Perhaps some of my readers may have noticed on their rose-bushes a number of leaves in which neat round or oblong holes were cut. This is the work of the Leaf-cutting Bee, a pretty little insect looking much like the common Honey-bee, but with stout orange-red legs and metallic-green reflections about the head. Although the mutilated leaves are all too common, the nest for which they are sacrificed is seldom seen; for this little bee is a carpenter as well as a leaf-cutler, and hides her home away deep in the heart of some old post or board. The hole is much like that of her busy relative, the Carpenter-bee, but smaller, and instead of forming a tunnel at right angles to the entrance, penetrates directly into the wood. When the hole is drilled to her satisfaction, our little friend stops carpenter-work, and flying to the nearest rose-bush, selects a tender, perfect leaf. From this she cuts oblong pieces, which are carried to the nest and formed into a thimble-shaped tube at its bottom. This tube is next filled with pollen and honey, on which a tiny egg is placed. Another trip is taken to the rose-bush, and this time perfectly circular pieces a trifle larger than the diameter of the tube are cut. These the little worker forces into the upper end of the tube, forming a tightly fitting stopper. These operations are repeated until the hole is filled with tubes, one above another. The lowest eggs hatch first, and each young bee waits for the one beyond to go forth, in the same manner as the young of the large Carpenter-bee.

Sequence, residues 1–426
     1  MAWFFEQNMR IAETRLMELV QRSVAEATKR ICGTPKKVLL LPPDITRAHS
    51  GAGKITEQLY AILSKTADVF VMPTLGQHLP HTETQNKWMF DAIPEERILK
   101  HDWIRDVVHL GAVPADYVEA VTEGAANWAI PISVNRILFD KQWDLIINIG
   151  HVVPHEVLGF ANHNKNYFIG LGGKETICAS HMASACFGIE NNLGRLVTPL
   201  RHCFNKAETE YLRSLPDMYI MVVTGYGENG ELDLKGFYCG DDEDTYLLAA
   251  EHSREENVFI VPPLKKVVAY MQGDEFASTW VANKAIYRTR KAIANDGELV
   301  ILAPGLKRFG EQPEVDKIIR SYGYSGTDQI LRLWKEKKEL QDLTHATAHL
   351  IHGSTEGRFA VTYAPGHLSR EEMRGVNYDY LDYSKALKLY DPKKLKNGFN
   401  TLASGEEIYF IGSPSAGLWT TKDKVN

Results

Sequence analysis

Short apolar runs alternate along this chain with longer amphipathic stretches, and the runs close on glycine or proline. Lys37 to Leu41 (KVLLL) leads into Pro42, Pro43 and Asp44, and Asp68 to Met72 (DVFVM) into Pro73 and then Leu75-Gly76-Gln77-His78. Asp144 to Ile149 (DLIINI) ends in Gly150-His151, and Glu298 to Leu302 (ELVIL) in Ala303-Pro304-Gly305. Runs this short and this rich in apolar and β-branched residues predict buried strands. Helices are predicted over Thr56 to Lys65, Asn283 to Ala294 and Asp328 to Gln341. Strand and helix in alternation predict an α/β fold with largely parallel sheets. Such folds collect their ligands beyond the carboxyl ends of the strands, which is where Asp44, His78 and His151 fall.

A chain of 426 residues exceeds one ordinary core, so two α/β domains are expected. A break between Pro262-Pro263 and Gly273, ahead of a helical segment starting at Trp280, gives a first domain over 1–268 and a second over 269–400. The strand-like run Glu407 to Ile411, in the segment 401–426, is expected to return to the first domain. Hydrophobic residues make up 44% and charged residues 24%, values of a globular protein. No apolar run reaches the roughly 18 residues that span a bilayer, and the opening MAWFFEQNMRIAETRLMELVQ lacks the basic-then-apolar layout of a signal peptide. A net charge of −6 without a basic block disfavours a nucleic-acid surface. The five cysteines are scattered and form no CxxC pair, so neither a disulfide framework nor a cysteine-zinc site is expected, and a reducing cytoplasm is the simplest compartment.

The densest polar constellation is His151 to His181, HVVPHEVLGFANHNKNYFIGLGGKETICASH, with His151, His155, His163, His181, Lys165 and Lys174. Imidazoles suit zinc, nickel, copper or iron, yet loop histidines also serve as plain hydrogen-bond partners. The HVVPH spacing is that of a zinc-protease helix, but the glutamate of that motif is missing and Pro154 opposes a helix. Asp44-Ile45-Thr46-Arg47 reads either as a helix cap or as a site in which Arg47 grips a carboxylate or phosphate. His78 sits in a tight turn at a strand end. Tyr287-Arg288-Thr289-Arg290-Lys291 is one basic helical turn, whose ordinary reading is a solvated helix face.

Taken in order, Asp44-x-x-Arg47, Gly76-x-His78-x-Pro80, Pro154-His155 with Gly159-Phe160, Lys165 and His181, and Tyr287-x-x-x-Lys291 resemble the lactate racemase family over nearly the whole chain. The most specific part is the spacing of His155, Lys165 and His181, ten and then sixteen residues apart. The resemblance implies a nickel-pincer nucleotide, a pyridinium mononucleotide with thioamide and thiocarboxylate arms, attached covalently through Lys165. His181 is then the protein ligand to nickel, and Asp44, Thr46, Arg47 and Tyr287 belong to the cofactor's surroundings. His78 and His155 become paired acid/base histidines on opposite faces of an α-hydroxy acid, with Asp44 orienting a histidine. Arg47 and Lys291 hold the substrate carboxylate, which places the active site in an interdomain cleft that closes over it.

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- As an armed forces brat, we lived in Rockcliff (Ottawa), Namao (Edmonton), Southport (Portage La Prairie), Manitoba, and Dad retired to St. Margaret's Bay, NS.
Working with the Federal Govenment for 25 years, Canadian Hydrographic Service, mostly. Now married to Gail Kelly, with two grown children, Luke and Denyse. Retired to my woodlot at Stillwater Lake, NS, on the rainy days I study the life and work of A. Hyatt Verrill 1871-1954.